Reading between the lines

IndyCar commentary — By on August 15, 2011 2:24 pm
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Here at More Front Wing, we’re finding ourselves in quite the pickle.

On the one hand, this is an INDYCAR opinion website. If we don’t address the issues that arose yesterday, we’re not doing our jobs and we’re doing our readers a major disservice.

But on the other hand, if we make sweeping and controversial declarations, we jeopardize the respect we’ve worked hard to earn in the paddock and we put our ability to report on the IZOD IndyCar Series without bias at risk.

Perhaps the solution is to look at the situation from a different angle. Here goes…

Fans are pissed.

I can’t remember seeing this much disillusion and resentment around this sport since 1995. I don’t believe I’ve ever seen so many self-proclaimed life-long fans threaten to give up if things don’t improve. This isn’t just your run-of-the-mill, typical jaded INDYCAR fan level of resentment. It’s permeated everything and everyone — even me, and I’ve been honored to be told by some of our readers that they see me as one of the more optimistic voices around INDYCAR racing.

The status quo just won’t do anymore. If people are to be expected to stick around, they need to see change. They demand demonstration of an understanding from the high ranks of INDYCAR that things are not right, that their opinions are respected, and that something is being done to rectify the problems.

People have been clinging to 2012 as a bastion of hope — new cars, new rules, new interest, and new upward momentum. But with the previously promised aero kits delayed for another year and the realization that no new car is going to fix the non-mechanical issues that plague the sport, this weekend saw much of that hope fly out the window.

(For the record, I don’t have a huge issue with delaying the aero kits to 2013 if it means they’ll be rolled out properly. But I seem to hold the minority opinion on that issue. That’s a topic for another post.)

From this weekend alone, there were several clear demonstrations of the issues that need to be resolved.

For example, during the race’s first rain delay period, I saw far too many people speculate that the Series was going to just run yellow flag laps to reach the halfway point and hand the win over to the perceived golden boy, Dario Franchitti. That ended up being demonstrably untrue. But the very fact that so many people saw it reasonable to speculate at such favoritism at all speaks volumes about how the administration of this sport is currently viewed.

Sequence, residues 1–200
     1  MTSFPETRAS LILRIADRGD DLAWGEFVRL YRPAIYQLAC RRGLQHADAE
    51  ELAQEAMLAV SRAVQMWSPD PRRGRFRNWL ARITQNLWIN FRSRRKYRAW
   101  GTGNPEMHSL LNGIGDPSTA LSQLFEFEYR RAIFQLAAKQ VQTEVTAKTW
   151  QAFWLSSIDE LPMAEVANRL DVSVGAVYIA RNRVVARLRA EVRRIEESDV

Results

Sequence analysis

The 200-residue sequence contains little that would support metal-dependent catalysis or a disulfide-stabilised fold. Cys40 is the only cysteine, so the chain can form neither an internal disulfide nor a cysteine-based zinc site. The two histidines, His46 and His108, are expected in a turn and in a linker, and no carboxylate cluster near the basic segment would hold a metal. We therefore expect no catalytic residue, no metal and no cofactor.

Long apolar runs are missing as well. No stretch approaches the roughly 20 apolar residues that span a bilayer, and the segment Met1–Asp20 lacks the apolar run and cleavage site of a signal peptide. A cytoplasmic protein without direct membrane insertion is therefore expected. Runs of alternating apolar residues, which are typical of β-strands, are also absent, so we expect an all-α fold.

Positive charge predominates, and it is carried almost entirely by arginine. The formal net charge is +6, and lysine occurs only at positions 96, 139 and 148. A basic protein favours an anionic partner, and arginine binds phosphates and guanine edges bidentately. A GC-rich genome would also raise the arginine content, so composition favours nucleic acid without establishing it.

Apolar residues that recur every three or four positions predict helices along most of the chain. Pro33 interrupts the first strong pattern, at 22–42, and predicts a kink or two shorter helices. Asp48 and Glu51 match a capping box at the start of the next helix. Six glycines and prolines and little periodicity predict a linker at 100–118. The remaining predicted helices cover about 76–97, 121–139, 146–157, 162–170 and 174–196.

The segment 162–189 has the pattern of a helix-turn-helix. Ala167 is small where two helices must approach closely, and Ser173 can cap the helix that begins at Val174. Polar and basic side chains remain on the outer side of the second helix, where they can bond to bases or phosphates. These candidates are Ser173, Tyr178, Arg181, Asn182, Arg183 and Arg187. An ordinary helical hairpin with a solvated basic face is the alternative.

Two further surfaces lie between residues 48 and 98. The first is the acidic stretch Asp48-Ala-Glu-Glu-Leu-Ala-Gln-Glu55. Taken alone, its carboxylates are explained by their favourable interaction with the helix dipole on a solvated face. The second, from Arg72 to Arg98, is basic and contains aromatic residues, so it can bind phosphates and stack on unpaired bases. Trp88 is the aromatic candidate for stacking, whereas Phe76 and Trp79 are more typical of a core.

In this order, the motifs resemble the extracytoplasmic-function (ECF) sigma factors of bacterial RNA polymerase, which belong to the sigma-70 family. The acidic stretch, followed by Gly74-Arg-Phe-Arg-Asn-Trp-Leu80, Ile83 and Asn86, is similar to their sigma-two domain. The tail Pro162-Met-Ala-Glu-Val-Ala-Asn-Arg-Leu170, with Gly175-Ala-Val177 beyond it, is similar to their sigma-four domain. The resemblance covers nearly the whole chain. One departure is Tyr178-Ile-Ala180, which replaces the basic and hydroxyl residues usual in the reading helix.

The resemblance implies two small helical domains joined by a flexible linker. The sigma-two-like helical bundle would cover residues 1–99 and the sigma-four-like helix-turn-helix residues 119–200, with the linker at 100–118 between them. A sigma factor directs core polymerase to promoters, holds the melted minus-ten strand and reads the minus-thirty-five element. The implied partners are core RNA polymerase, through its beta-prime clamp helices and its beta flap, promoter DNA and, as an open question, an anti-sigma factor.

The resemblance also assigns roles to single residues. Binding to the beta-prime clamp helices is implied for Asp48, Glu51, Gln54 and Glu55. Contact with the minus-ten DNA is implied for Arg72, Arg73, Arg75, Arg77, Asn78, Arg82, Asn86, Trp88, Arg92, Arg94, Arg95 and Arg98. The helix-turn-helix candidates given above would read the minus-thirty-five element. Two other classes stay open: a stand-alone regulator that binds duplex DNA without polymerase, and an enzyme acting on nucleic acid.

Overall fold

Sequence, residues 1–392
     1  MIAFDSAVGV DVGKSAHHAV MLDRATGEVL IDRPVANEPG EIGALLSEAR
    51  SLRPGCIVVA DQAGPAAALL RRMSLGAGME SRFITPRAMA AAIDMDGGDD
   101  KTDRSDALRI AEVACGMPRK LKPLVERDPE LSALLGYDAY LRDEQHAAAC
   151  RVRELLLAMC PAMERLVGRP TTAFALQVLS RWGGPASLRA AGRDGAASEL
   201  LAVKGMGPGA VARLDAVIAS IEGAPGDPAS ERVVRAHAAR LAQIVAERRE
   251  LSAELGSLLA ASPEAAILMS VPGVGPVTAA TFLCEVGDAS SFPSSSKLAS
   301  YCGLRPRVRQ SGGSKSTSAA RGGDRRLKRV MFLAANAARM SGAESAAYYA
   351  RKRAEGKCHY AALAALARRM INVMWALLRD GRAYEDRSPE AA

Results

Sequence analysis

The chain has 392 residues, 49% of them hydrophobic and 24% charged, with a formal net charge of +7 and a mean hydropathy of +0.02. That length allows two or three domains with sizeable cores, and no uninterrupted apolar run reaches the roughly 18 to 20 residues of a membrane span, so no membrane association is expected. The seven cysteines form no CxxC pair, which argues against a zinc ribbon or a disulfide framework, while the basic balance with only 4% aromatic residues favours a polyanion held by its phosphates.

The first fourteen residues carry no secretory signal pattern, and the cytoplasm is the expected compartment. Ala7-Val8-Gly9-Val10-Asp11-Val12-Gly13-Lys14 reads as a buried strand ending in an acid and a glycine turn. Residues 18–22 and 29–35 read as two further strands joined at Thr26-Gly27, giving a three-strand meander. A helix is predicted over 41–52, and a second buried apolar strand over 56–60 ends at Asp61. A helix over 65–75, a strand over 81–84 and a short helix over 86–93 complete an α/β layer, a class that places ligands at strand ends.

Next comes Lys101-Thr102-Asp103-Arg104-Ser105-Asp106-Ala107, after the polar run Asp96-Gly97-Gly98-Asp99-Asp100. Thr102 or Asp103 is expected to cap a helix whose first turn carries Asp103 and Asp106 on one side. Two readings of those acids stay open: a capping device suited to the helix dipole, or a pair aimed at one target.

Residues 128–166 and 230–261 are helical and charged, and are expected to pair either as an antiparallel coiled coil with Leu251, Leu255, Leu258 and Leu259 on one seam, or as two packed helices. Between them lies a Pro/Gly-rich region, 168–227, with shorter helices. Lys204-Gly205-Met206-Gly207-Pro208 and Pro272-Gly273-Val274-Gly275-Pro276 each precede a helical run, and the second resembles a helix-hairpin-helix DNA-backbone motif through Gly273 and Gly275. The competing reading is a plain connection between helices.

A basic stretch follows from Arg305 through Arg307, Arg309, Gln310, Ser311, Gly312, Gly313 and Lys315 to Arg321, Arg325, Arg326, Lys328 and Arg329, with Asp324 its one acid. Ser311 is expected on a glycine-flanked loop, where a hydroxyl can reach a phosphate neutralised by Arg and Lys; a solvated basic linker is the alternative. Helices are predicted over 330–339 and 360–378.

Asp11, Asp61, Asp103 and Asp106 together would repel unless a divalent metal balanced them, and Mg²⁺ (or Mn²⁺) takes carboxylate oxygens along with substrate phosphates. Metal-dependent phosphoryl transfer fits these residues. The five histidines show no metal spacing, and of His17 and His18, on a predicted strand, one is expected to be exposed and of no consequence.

And whenever fans try to go to the rule book to seek explanations, they’re met with a stream of wishy-washy language like “in general,” “INDYCAR may,” and “the Senior Official in his discretion” that leaves nearly every rule open to subjective, in-the-moment interpretation. As demonstrated in yesterday’s post-race press conference, even the participants question this. Scott Dixon said, “Today, I don’t even know why we have a rule book because it makes no sense.”

More importantly, New Hampshire was an interesting race with plenty of storylines, but here we are again focusing on the impact that officiating had on the outcome of the race instead of on the work that the drivers and teams have done. That fact speaks to the problem most of all.

At the end of the money cycle in any sport lies the common fan. Sure, the sponsors are the ones who truly pay the bills since the direct financial impact of ticket and merchandise sales is small, but those sponsors have no interest in pumping money into a sport with no one watching it at home.

And in the last 24 hours, the common fans have made their opinions abundantly clear: INDYCAR needs to make significant changes if it hopes to retain their respect.

Not in 2012. Not next month.

Now.

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